Thursday, December 17, 2009

But dudes, listen, sometimes there are real emergencies. No, like REAL ones, not the ones the Republicans call "emergencies"!

President Obama told everybody back in February that the Pentagon was done with "budgetary sleight-of-hand." No more "emergency supplementals"! The regular ol' budget is going to include "the full cost of fighting in Iraq and Afghanistan"! After all, we've been fighting for almost eight years, so we ought to know what it costs by now... right?

Let's ask Pentagon spokesman Geoff Morrell:

Q Geoff, correct me if I'm wrong here, but when President Obama took office in January, wasn't one of his stated goals -- a promise, if you will -- to not have any more war supplemental funding from the Pentagon? Was it a mistake to make that kind of a promise when he hasn't even gotten through a year without doing that?

MR. MORRELL: I seem to recall the statements to that effect. I mean, I think it's -- and that's perfectly reasonable. This administration has made a commitment I've seen it -- and I think you've seen it -- follow through on, which is that they wanted to fund the wars, you know, through a budget process that -- through the same budget process that we looked at for the base budget. So while it wasn't technically part of the base budget, both those numbers were sent to the Hill simultaneously, and the overseas contingency operations fund and the base budget were scrutinized in the same way, by the same committees, on the same timetable. And that remains the case to this day.

Now, obviously there have been developments that have taken place. There's been
a decision -- an extraordinary decision to surge additional forces in. That is the -- that would require emergency funding. And I think the administration, the White House, OMB, this department, are in the process of trying to determine how best -- how best to fund those operations. I don't know that a decision has been made as to whether it will require an additional supplemental, whether there will be an -- you know, whether you will amend something that, you know -- any of the budget bills that are currently up on the Hill. I don't know. They're the best people to address that to.

But I think the president's commitment to having the Congress be able to scrutinize the Defense budget, the war budgets in a very deliberate way remains strong to this day. And -- but I think -- I don't think the commander in chief has ever taken an option that he has off the table.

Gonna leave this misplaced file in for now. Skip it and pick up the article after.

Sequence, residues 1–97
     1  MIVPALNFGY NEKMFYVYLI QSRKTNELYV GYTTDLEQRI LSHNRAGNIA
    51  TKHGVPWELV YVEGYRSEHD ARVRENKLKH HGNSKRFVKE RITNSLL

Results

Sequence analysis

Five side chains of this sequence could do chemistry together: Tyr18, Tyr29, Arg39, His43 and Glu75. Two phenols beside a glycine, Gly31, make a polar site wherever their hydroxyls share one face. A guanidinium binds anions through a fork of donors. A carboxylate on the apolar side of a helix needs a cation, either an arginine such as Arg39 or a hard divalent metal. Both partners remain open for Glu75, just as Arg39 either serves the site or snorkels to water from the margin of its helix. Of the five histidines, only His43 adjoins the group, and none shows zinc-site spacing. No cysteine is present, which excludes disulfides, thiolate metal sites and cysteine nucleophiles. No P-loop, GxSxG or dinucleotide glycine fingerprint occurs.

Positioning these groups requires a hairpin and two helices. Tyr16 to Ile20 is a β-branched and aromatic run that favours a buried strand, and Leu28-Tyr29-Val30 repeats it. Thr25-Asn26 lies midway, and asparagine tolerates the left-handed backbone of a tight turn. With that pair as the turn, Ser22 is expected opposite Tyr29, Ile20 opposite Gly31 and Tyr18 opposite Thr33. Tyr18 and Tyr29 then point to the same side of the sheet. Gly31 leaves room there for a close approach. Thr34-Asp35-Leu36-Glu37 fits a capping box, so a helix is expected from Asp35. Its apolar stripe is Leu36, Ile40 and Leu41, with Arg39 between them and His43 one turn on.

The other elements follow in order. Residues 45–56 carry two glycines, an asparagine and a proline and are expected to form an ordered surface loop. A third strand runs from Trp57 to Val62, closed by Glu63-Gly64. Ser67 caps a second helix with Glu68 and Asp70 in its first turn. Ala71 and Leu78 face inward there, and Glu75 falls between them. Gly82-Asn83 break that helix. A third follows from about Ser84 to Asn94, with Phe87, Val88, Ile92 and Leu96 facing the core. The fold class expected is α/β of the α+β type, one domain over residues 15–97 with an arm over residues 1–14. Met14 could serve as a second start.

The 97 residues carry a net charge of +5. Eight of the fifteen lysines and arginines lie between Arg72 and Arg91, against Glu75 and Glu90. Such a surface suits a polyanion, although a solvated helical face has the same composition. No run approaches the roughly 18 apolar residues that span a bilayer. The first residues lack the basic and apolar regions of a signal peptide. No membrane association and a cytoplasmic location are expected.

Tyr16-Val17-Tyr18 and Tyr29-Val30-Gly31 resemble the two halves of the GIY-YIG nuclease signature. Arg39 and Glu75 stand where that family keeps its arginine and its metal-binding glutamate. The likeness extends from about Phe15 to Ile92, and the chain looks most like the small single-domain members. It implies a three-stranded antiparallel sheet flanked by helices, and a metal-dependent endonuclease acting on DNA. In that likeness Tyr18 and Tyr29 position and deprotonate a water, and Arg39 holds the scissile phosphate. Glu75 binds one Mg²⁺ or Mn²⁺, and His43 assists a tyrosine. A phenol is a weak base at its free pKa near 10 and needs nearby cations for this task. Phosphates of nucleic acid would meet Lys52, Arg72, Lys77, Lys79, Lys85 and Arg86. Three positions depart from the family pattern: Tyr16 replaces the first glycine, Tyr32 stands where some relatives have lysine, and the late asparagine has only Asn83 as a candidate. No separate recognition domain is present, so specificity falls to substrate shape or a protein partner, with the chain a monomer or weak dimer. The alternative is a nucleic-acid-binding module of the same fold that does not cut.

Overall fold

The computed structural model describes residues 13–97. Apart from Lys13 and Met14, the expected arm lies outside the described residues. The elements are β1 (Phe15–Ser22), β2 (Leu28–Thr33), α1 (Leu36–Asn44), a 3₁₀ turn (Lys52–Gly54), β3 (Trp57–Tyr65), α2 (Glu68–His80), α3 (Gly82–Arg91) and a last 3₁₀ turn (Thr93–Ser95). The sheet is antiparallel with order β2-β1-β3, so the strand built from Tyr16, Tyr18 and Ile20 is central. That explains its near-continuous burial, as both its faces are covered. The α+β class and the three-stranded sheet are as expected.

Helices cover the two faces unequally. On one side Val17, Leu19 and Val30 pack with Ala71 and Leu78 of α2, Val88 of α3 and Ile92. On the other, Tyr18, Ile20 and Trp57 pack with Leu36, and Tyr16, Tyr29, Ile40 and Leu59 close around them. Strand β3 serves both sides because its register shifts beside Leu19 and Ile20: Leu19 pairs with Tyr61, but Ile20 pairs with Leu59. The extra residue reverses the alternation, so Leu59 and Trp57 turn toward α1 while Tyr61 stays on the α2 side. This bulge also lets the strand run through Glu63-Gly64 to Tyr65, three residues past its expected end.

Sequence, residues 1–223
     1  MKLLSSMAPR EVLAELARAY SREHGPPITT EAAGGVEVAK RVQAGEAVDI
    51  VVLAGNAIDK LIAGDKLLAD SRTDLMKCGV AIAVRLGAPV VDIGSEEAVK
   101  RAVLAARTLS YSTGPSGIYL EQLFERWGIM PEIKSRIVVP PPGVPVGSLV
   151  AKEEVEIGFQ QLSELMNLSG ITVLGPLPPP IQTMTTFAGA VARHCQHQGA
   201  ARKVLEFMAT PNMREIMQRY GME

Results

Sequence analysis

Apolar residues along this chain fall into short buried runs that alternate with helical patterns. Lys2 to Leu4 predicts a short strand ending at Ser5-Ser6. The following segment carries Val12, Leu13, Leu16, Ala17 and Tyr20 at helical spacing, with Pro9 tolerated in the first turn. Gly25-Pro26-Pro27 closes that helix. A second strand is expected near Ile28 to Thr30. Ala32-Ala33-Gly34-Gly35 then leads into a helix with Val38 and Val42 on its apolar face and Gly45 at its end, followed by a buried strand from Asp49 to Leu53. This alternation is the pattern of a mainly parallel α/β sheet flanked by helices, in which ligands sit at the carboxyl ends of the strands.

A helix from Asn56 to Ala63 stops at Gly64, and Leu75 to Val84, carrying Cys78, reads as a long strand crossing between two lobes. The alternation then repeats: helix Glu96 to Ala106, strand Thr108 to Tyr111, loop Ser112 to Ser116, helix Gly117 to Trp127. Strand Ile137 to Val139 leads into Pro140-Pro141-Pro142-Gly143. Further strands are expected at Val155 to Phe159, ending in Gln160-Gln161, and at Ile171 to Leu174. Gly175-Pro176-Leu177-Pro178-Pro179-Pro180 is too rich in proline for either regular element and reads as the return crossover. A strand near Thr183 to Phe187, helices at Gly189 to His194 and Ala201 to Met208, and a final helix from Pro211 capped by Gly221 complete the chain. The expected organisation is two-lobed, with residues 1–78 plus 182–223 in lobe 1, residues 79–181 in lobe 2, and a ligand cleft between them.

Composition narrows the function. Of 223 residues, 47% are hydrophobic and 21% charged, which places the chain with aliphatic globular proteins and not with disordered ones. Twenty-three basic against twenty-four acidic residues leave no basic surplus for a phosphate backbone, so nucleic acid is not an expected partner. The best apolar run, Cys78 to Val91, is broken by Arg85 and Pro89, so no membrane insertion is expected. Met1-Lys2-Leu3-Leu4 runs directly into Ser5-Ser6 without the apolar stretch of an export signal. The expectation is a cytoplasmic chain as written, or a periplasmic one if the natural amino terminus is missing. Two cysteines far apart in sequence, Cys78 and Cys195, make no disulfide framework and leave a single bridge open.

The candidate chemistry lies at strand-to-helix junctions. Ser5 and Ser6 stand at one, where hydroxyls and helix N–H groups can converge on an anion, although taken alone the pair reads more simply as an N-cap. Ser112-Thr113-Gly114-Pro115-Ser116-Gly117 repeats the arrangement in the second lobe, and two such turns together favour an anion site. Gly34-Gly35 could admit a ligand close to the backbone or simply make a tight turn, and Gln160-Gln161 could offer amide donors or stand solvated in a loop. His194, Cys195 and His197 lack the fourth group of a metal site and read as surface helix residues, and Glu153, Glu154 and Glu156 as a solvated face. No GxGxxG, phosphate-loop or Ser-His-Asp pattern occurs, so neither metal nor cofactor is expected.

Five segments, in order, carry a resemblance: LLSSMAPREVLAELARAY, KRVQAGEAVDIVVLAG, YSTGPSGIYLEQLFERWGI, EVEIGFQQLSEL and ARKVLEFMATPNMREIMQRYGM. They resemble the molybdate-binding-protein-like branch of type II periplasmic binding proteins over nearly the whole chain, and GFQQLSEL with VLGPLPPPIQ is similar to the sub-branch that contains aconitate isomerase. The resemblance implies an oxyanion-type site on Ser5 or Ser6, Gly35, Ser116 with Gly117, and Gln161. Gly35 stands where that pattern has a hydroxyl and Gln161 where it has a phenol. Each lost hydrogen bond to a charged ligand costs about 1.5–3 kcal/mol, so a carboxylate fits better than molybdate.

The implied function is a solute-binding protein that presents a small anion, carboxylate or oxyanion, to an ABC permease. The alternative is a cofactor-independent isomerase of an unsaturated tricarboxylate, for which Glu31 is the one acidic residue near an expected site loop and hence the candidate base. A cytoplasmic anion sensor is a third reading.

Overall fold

I don't think there was ever a promise, a determination that you would never perhaps fund things through emergency funding. Things happen that sometimes require that you fund them in extraordinary ways. But let's see what they ultimately determine as to the way ahead.

"Look, obviously there have been developments that have taken place. We could never have accounted for that! I mean, aren't emergencies like this the reason we fund the wars through emergency supplementals?"

[Psst! Hey Geoff! Can I have a word?]

"Oh, wait. I've just been told we're not in the business of doing emergency supplementals anymore. So let me get back to you on the yet-to-be-determined 'extraordinary ways' that might be required to fund this genuine emergency."

1 comment:

  1. Example of people who don't know the process or how to keep it short and simple. What he should have said:

    "What the president meant to say was that this administration will not abuse the defense emergency supplemental process by padding it with routine defense funding requests or to sustain operations that have already been established as a baseline for OIF/OEF.

    That does not apply to this situation, where a dramatic increase in troops in Afghanistan was not anticipated last year, and where it has been determined this year that a troop increase is urgently needed. Therefore this troop surge is an emergency defense issue, and furthermore, we will push to ensure it is not padded with unnecessary or routine defense funding requests."

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